Yemeni Rial Continues to Plunge amid Public Discontent
Iran-backed Houthi militias in Sanaa and other Yemeni areas under their control have refused to take any action in support of the legitimate government's efforts to end the devaluation of the local currency. In addition, the militias imposed new restrictions on currency trading that would further deepen the economic crisis.
The militias banned the transfer of the rial from areas of its control to areas of the legitimacy’s control, banking and traders sources told Asharq Al-Awsat. They also revealed that the militias removed the new banknotes issued by the Central Bank of Yemen in the interim capital Aden from circulation, outlawing its use.
Asharq Al-Awsat has seen a leaked document in Sanaa that includes new Houthi orders issued from its national security agency to all checkpoints on the roads leading to Aden, Marib and the rest of the areas controlled by the legitimate government.
The directives bar the transfer of any cash towards the areas of the legitimacy and instruct officials to confiscate and arrest violators.
Observers believe that, through these measures, Houthis are likely trying to deepen the crisis in the currency as it continues to decline.
The government tried to curb the currency’s collapse by cracking down on unlicensed exchange shops in Aden, Marib and Taiz. However, militias in Sanaa refused to take action against currency traders and unlicensed shops in an effort to exacerbate the economic situation.
The government and the Central Bank tried to counter the situation by carrying out a number of measures, including subsidizing imports of commodities and providing traders with foreign currency at a rate lower than the black market, depending on the Saudi deposit, but to no effect.
The Central Bank in Aden recently announced that it will directly intervene to save the local currency and restore stability through the injection of hard currency to the market. However, it was not effective as the dollar reached about 570 rials on Tuesday, its highest rate yet.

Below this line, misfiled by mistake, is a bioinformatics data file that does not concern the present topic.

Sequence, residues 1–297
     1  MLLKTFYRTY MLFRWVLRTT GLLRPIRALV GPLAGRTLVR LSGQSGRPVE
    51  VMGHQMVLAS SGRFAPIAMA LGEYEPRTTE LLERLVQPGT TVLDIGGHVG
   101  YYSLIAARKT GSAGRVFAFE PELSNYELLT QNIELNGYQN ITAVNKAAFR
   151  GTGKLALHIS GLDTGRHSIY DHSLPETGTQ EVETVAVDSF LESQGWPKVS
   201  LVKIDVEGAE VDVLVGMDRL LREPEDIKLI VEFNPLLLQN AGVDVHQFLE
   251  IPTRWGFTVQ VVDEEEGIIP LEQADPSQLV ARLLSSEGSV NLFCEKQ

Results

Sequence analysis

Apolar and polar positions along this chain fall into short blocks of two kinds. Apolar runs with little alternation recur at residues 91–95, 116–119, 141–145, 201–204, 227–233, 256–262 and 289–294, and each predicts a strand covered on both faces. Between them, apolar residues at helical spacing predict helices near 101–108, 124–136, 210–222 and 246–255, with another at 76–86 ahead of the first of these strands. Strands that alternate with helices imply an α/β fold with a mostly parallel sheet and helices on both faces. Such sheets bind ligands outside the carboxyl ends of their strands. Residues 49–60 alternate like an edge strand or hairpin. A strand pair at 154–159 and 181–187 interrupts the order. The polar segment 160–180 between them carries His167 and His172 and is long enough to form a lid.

Several angry protests erupted in Aden and some areas under the legitimacy control against high prices and the exchange rate, while government salaries remain unchanged, witnesses told Asharq Al-Awsat.
Meanwhile, Yemeni Prime Minister Ahmed Obeid Bin Daghr proposed several steps that would put an end to the continued devaluation of the rial.
Speaking at a Yemeni-Gulf conference in Riyadh on Monday, he announced government plans to take two urgent measures to save the currency from further collapse and prevent a social, political and humanitarian crisis. He explained to the conference that the procedures will include managing liberated areas to ensure all transactions are done with the Central Bank rather than currency traders.
He also proposed to arrange expatriate funds to be transferred through the Central Bank and the National Bank as was the practice years ago.
Bin Daghr believed that the proposed steps, along with Saudi deposit at the Central Bank, would be sufficient to stop the deterioration of the rial, especially since these measures will not cause any new financial burdens on any party.
The prime minister admitted that his government was aware of the growing tensions among citizens, especially those working in the education, health, public works, agriculture, fishing and other government sectors. He called on all parties involved in the management of liberated areas to cooperate and prioritize people’s needs.
The Houthis’ plundering of resources, currency manipulation and weapons smuggling are the main reason for the deteriorating economy and failure of the efforts of the legitimate government, said observers.
On Monday, head of the Houthis’ Supreme Political Council, Mahdi al-Mashat, ordered officials to pay half the salaries of public servants in areas under Houthi control in an attempt to contain public anger. However, the group excluded all employees who were not subject to it and refused to work under its authority.
The rapid depreciation of the rial during the past two weeks led to an unprecedented rise, reaching 30 and 40 percent, in the prices of commodities, including rice, wheat, milk and fuel.